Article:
NAIROBI, Kenya, Feb 7 – Planning Minister Wycliffe Oparanya has been barred by the High Court from conducting a repeat census in eight districts in Northern Eastern Kenya.
Justice Mohammed Warsame said the move by the minister was irrational and unreasonable.
The judge who quashed Oparanya’s decision to cancel the 2009 census results of the eight districts, said the decision was unlawful and a violation of the cardinal rule of expectation and fairness.
Justice Warsame ruled that Oparanya had no statutory power and authority to cancel the results as there was no evidence to show that the residents colluded or corrupted the results.
He said the residents of the affected areas cannot suffer for mistakes or anomalies by the ministry.
“To allow the ministry to cancel the results will be tantamount to allow it to benefit from its own omissions. The ministry cannot be allowed to blow hot and cold at the same time,” he ruled.
According to the judge, it was unreasonable for the minister to cancel the census results of the areas before post-census evaluation and assessment had been conducted.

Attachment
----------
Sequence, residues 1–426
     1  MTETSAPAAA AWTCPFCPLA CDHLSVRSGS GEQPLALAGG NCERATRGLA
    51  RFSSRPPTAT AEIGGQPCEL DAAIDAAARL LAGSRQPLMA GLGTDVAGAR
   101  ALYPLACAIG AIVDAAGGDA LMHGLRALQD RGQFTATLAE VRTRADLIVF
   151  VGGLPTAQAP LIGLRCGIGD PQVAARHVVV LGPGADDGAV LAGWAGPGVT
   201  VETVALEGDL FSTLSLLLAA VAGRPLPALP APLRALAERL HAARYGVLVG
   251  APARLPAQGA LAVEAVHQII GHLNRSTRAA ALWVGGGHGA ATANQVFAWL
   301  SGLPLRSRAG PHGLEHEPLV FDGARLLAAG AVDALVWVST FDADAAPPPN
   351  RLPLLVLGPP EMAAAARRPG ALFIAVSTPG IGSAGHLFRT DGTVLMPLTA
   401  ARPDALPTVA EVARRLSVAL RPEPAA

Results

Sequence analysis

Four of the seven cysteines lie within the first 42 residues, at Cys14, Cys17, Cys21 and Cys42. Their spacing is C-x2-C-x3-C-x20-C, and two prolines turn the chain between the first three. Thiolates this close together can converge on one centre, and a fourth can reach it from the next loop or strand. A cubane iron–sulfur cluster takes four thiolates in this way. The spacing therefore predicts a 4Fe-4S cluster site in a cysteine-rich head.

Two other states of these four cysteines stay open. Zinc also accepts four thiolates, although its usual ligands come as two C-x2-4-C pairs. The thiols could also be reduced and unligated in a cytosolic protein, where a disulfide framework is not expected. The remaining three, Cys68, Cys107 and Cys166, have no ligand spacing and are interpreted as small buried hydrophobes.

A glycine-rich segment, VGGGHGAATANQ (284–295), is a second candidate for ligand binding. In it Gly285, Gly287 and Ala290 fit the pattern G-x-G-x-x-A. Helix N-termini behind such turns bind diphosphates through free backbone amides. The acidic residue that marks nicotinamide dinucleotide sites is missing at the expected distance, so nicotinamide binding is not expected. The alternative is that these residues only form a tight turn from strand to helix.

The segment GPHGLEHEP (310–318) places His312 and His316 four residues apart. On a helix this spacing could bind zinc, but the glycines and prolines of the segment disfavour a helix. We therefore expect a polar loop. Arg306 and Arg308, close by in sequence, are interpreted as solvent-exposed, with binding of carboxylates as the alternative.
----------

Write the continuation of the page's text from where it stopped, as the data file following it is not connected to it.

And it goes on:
“It was unreasonable for the minister to cancel the census results without any justification. He acted in excess of jurisdiction and his authority. That is why he must be given a red card,” declared the judge.
Justice Warsame concurred with the applicants that it was the responsibility of the Planning Ministry and its agents to conduct as a credible census in line with the international standards.
The residents of affected districts through lawyer Kioko Kilukumi went to court complaining that an attempt by the government to repeat the census was clear indication that the government was determined to marginalise communities in those areas.
They argued that the government was treating them like second class citizens adding the government was not planning to allocate resources to the people of the North Eastern province.
Oparanya cancelled census results in Lagdera, Wajir East, Mandera Central, Mandera East and Mandera West, due to inconsistencies in expected numbers.
He said the rate of increase was higher than the population dynamics as the number of men was higher than that of women by three times.